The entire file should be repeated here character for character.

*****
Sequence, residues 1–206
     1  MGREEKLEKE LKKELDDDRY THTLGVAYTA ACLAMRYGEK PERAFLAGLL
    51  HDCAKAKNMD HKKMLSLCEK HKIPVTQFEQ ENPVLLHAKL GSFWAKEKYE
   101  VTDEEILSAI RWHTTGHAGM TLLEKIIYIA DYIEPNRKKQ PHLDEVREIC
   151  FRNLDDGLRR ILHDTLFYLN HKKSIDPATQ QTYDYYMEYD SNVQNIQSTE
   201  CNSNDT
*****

Sequence, residues 1–206
     1  MGREEKLEKE LKKELDDDRY THTLGVAYTA ACLAMRYGEK PERAFLAGLL
    51  HDCAKAKNMD HKKMLSLCEK HKIPVTQFEQ ENPVLLHAKL GSFWAKEKYE
   101  VTDEEILSAI RWHTTGHAGM TLLEKIIYIA DYIEPNRKKQ PHLDEVREIC
   151  FRNLDDGLRR ILHDTLFYLN HKKSIDPATQ QTYDYYMEYD SNVQNIQSTE
   201  CNSNDT